Solar Energy Loan Fund (SELF), a 501(c)(3) nonprofit organization that provides unsecured financing solutions that add solar energy and home improvement to residents of Florida and the Southeast United States, recently surpassed $30 million in total loans.
As a green bank and Community Development Finance Institution (CDFI), SELF lends to historically underserved and underbanked low- and moderate-income (LMI) communities such as retirees, working-class families, veterans, disabled homeowners, and disabled homeowners. presented the products. poor credit background.
SELF has made more than 3,000 green home loans, which average about $10,000 per loan, but can range up to $50,000 for rooftop solar, high-efficiency air conditioners, roofing repairs and other ongoing residential improvements.
“SELF is an implementation tool for redeveloping and building new sustainable, affordable housing while promoting green jobs, energy equity, sustainability and clean energy,” said Doug Coward, executive director of SELF. “LMI homeowners are the population most vulnerable to climate change, heat waves and extreme weather, and they have benefited the least from the booming clean energy economy.”
Based in Fort Pierce, Florida, SELF was founded in 2010 with a $3 million seed grant from the Department of Energy. The nonprofit organization is proud to be the first local national green bank. In recent years, SELF has expanded beyond Florida into Georgia, South Carolina, Tennessee, and Alabama, partnering with the Orlando, St. Petersburg, and Atlanta (Georgia) Housing Authority.
Unlike traditional banks, SELF breaks down traditional barriers by advancing financial inclusion and filling key gaps that have historically prevented LMI communities from accessing small loans for home improvements, including solar.
SELF has two dozen investors, including the KIVA.org crowdfunding platform, while more than 900 contractors in the Southeast can help customers get loans through SELF. The nonprofit leveraged the original DOE grant by a 13:1 margin and provided financial assistance to more than 9,000 people.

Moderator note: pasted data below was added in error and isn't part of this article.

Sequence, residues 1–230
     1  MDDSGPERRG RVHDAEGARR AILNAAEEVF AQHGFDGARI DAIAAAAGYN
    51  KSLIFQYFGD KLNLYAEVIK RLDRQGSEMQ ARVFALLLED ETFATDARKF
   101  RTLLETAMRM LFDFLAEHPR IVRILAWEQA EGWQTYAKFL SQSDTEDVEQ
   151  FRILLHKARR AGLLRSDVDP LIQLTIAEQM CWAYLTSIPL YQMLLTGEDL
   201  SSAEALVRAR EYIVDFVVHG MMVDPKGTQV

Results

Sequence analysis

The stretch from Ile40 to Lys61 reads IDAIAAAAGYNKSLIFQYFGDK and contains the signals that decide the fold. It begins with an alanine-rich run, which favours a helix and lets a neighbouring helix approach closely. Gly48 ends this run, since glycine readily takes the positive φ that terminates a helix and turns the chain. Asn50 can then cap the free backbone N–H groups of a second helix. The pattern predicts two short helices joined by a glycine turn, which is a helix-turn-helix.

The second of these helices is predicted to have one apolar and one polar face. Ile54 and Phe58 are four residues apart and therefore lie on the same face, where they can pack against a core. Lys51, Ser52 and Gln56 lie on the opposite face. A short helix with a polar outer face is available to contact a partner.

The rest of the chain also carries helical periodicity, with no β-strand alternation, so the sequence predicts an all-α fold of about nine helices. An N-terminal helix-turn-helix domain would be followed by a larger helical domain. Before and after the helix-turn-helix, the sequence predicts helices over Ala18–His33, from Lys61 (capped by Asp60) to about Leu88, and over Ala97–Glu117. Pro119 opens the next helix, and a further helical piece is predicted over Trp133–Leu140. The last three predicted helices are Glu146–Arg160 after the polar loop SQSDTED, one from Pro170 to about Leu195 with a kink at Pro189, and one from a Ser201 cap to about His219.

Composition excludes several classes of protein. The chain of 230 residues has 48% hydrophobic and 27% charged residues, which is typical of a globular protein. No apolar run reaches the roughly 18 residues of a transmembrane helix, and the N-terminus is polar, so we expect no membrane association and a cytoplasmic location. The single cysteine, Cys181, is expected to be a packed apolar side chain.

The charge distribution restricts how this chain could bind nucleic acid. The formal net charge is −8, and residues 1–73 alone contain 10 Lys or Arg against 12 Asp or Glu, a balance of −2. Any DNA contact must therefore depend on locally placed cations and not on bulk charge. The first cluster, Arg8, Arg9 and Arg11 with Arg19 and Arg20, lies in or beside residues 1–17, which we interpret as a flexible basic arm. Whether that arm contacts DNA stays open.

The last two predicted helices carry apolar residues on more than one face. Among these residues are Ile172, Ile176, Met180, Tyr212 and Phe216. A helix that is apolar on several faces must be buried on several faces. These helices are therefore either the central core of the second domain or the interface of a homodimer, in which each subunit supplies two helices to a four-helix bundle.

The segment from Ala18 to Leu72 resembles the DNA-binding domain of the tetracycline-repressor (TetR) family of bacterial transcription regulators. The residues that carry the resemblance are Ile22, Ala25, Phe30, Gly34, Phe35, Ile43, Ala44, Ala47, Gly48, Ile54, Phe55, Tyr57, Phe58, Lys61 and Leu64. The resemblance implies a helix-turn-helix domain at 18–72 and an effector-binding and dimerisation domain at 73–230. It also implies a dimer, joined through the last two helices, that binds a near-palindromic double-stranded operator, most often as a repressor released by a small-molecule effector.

Maria Duanne Andrade, SELF’s chief financial officer, created the agency’s inclusive underwriting process based on a homeowner’s ability to pay their loan balance rather than a credit score-based rating system. Its lending system enabled the launch of its flagship Green Home Loan program for LMI homeowners with default rates of less than 2%.
“Green banks have the power to unlock economic, environmental and social benefits, especially in underserved communities,” Andrade said. “Financial systems are too dependent on credit scores, and traditional underwriting methods are leaving too many people behind.”
Self-financed loans are primarily funded by either crowdfunding or a mix of local banks, impact foundations, and faith-based institutions such as churches.
Port St. Lucie, Florida resident Ed Agliardo for the solar system at SELF and St. Lucie County received PACE funding.
SELF loan financing conditions:
Renewable Energy Projects: 8-9.5% with a loan term of 5 to 10 years APREnergy Efficiency Projects: 8-9.5% with a term of 3 to 5 years APRKIVA crowd-funded loans: 5% fixed interest with terms of 3-5 years
Residential projects eligible for funding are:
Weatherization and insulation Replacing inefficient air conditioning systems Solar thermal and solar photovoltaic systems Roofs, windows, doors and hurricane shutters Disability products and wear and tear in places MYSELF funds various home sustainability projects.
Green Bank meets Fintech
In recent years, SELF’s Andrade has put the loan originator into adjacent markets by providing green loan products to minority, small home owners and affordable housing developers, as well as a sewer loan product.
At the same time, the organization is trying to keep up with the emergence of financial technology applications that provide quick access to small loan products. In December, SELF’s plug-and-play fintech platform received a $3 million grant from JP Morgan Chase to provide capital to minority and startup affordable housing developers.
Other providers of secured and unsecured solar loans in Florida and the Southeast region include Climate First Bank, Dividend Finance, Sungage, Sunlight Financial, Sunnova Energy, Mosaic, GreenSky Credit and EnerBank USA, according to EnergySage.
According to Wood Mackenzie, the solar loan market grew 37% from 2021 to 2022. Homeowners see the biggest monthly savings on 25-year loans, which is the same as the warranty period of a residential solar installation.
Interest in residential solar financing will continue to grow as the Inflation Reduction Act (IRA) increases the solar investment tax credit by 30% for another 10 years.
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